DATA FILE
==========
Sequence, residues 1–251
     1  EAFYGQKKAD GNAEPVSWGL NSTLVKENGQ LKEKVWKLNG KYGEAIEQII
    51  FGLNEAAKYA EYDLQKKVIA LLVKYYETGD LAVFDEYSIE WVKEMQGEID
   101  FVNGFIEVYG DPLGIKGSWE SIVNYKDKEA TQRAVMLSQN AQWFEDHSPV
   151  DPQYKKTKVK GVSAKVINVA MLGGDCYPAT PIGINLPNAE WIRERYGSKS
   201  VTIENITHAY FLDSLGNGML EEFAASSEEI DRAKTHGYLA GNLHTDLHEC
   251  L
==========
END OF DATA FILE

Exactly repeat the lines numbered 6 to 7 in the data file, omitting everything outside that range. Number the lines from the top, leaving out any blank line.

   201  VTIENITHAY FLDSLGNGML EEFAASSEEI DRAKTHGYLA GNLHTDLHEC
   251  L